Micro-segmentation – think smaller, achieve more

Is Micro-segmentation the key to a brave new world of information security?


As the cybersecurity threat to businesses continues to grow exponentially worldwide, many experts are touting micro-segmentation as the solution to the problem of data protection.



The cost of data breaches


Last year, according to the annual Cost of Data Breach Study published by the Ponemon Institute, there were more data breaches than ever before – this despite continual advances in cybersecurity technologies and tactics. Research shows that there is almost 28% chance that an organisation will experience a data breach of more than 10,000 records – costing them time, money, and damage to brand.


Given that the same research lists the average cost of a data breach per compromised record as US$148, that adds up to a fair amount of money to lose. Similarly, if you suffer a data breach of 50 000 or more records – far from inconceivable for a medium-size business – the organisational cost approaches US$7-million. If you’re a large corporate with a mega-breach involving 1-million records, the price could exceed US$39-million.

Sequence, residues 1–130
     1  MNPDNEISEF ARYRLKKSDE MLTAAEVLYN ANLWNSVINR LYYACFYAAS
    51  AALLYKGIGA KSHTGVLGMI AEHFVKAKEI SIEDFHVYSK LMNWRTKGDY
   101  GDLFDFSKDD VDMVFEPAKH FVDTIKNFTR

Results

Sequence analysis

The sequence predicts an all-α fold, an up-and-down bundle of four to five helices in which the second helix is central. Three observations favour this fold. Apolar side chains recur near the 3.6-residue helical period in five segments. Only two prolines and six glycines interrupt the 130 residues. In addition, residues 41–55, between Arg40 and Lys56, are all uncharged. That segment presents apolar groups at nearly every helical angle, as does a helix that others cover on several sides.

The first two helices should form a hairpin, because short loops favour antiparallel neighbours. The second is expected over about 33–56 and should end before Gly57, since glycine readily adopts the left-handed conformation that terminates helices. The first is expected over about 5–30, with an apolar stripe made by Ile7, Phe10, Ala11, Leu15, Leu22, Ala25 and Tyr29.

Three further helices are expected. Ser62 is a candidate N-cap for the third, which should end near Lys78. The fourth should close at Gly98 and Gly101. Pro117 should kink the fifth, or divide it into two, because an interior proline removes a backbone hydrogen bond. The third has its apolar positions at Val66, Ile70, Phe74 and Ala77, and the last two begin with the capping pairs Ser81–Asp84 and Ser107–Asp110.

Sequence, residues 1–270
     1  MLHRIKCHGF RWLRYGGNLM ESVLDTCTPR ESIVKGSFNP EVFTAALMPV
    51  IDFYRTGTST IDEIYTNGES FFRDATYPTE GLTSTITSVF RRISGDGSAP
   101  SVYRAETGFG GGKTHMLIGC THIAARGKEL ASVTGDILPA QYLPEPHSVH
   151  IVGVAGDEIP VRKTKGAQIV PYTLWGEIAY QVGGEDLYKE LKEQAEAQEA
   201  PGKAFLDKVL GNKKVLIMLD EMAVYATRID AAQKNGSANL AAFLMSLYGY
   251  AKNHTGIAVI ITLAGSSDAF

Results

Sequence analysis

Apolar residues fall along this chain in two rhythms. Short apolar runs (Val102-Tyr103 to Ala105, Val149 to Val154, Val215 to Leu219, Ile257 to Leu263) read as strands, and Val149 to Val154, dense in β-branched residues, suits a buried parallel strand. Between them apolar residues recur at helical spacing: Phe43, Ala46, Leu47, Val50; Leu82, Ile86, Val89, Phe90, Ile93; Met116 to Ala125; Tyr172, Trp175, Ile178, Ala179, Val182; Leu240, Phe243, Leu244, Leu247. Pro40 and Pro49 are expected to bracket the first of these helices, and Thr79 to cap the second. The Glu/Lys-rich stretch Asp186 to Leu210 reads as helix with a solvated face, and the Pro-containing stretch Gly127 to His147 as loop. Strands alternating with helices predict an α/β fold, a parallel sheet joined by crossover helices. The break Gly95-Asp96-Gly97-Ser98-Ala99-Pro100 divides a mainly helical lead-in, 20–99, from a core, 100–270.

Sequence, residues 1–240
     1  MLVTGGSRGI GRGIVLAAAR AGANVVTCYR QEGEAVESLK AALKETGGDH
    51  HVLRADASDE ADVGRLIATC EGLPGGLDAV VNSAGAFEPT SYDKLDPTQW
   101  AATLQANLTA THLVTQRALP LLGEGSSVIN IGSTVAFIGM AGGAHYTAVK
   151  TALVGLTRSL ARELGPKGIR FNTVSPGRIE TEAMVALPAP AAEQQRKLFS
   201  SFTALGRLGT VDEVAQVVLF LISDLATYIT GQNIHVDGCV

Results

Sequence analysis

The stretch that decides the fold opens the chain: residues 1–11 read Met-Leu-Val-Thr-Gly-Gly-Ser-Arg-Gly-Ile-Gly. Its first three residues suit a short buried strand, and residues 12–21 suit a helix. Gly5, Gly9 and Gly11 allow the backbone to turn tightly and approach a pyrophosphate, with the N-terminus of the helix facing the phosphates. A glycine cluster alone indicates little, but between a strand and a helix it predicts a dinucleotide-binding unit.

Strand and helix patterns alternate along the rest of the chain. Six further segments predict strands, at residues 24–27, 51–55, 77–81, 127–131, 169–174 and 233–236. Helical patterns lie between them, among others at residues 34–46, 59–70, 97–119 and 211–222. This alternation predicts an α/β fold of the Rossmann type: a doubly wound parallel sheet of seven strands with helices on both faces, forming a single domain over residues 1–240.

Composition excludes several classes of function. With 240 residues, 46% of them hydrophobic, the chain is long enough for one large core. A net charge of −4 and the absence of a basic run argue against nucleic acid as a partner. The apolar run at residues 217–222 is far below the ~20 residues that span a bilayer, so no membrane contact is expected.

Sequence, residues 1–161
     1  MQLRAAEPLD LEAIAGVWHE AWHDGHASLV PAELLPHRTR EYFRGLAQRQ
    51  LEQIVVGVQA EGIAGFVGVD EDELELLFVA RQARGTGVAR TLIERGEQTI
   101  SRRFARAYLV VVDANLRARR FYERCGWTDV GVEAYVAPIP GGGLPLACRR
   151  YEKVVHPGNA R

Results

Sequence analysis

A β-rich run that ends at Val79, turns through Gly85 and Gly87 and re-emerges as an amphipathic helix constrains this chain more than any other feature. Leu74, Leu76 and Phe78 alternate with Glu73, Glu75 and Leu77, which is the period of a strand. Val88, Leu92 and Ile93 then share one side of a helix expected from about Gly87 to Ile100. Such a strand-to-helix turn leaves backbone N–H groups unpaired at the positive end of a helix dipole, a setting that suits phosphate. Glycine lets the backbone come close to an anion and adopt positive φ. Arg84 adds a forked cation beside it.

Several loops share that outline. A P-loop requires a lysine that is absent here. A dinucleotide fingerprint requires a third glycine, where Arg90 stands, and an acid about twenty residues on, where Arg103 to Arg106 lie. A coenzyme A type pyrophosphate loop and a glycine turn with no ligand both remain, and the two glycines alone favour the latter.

Consider also the reputational damage of a data breach, the loss of customers and customer trust, and potential punitive action by regulators, and it becomes clear that the consequences of a successful breach are quickly multiplying from embarrassing to business threatening.



The Challenge for Information Security Professionals


For individuals working in information security, there’s another statistic that is concerning. On average it takes about 206 days to detect a data breach – a scary and daunting figure as this time-frame means that hackers who gain entry to an IT system or data centre could have more than six months to trawl through the system before being detected. Even when an individual discovers a breach, the Cost of Data Breach Study says it takes a further 69 days, on average, to contain it.


The reason that such extended and uninvited visits can occur is that most organisations tend to focus on firewalls and intrusion prevention systems (IPSes) that detect and repel cyber-attacks to the perimeter of the data centre or cloud computing environment.